When it comes to college, you've got countless options. University or conservatory? BA or BFA? East Coast or West? But there's one potentially game-changing option you probably haven't considered yet: U.S. or international?
The perks of going global are hard to ignore. For one, international programs are often significantly cheaper than domestic ones. "The tuition for schools in Europe tends to be less than half that of U.S. programs," says Nicola Conraths Lange, director of comparative arts and a dance faculty member at Interlochen Arts Academy in Interlochen, MI. What's more, many programs offer a BA, a BFA, or an approximate equivalent in three years rather than four, which not only cuts tuition costs but also gets you into the professional dance world one year sooner.
And international programs will expose you to entirely new cultures, choreographers, and methods of training. "Our classes focus more on becoming thinking, creative movers than on perfecting technique," says Carlene Raibley, an American in her third and final year at London Contemporary Dance School (LCDS). Erica Badgeley, who joined a postgraduate student company at Salzburg Experimental Academy of Dance (SEAD), had a similar experience. "As opposed to the typical U.S. focus on vertical alignment, we learned to be three-dimensional movers, almost like amoebas," she says.
Many dancers forgo the international option because navigating the ins and outs of the application process seems intimidating. And it can be complicated—but it's worth the effort. Here's a breakdown of the process.
Metropolitan Ballet Academy & Company's Sara Vander Voort and Jonathan Tavares in Kanji Segawa's Viva (photo by Eduardo Patino)
You get all the lead roles and your teachers always ask you to demonstrate. You’ve taken top titles at competitions and have been singled out by star choreographers at conventions. It’s been said that you’re the best dancer at your studio or in your company. So now what?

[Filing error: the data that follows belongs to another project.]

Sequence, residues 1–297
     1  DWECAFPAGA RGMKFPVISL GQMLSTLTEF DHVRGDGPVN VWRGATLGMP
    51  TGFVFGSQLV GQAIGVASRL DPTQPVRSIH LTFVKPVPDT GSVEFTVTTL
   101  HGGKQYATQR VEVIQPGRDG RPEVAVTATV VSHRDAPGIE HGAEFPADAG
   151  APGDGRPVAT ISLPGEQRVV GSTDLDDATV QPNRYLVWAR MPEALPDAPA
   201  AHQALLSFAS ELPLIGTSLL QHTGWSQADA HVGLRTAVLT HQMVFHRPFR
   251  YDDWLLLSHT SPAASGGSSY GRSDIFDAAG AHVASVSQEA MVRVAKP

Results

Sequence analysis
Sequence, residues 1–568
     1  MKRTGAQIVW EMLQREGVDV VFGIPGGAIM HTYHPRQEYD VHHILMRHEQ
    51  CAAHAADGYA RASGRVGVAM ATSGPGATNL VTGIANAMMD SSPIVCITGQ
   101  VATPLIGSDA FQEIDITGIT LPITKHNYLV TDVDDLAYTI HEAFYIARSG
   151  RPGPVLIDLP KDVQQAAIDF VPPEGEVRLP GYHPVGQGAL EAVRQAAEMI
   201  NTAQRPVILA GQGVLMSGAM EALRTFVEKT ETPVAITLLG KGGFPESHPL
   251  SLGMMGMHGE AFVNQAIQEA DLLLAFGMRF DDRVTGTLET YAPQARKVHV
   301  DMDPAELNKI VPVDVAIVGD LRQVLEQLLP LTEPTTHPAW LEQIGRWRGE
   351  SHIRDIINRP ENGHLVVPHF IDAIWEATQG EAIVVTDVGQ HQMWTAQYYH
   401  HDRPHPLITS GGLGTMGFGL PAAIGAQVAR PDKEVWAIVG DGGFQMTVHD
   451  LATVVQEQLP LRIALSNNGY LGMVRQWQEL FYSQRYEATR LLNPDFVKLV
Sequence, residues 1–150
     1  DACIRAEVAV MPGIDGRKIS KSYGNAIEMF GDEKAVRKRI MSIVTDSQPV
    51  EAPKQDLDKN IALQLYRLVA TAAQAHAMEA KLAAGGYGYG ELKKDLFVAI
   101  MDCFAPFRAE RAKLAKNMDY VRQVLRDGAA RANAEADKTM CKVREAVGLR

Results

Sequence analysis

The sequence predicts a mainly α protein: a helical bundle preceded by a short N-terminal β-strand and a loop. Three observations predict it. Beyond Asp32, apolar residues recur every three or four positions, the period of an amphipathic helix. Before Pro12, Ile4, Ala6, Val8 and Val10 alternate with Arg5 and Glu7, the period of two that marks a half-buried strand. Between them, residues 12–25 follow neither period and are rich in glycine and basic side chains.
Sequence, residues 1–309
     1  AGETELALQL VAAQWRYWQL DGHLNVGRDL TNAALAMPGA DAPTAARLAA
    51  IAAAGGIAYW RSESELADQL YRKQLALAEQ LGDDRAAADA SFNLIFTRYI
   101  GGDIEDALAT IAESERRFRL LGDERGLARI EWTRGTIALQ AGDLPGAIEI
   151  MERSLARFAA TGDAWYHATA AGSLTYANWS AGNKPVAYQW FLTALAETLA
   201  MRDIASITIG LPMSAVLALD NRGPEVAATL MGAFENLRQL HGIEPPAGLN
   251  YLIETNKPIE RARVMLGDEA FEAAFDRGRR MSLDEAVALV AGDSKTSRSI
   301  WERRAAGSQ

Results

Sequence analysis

Dancers strive for perfection—what we do can always be better. But sometimes it’s hard to know how to push yourself when you’ve been put on a pedestal. Plus, how do you really know where you fall on the massive dance spectrum? You may be the best at your hometown studio, but where are you relative to the rest of the dance world? If you’ve found yourself in this situation, read on to see how to get the most comfortable and keep growing as a dancer.
Talk to your coach, teacher or director about your goals. Nichole Savage of Savage Dance Company in Sykesville, MD, sits down with each of her dancers and comes up with individualized dance plans. “We talk about what classes they should be taking, what conventions they can go to and things that are going to help them succeed,” she says. “There’s always a way to stay enriched.”
To push her best students, Savage might use them as demonstrators or send them into another class to assist. She also encourages these dancers to work outside their comfort zones. “If they’re best at contemporary, I have them jump into a hip-hop or tap class,” she says. Trying different genres and teachers will enhance your training by exposing you to new ways of working.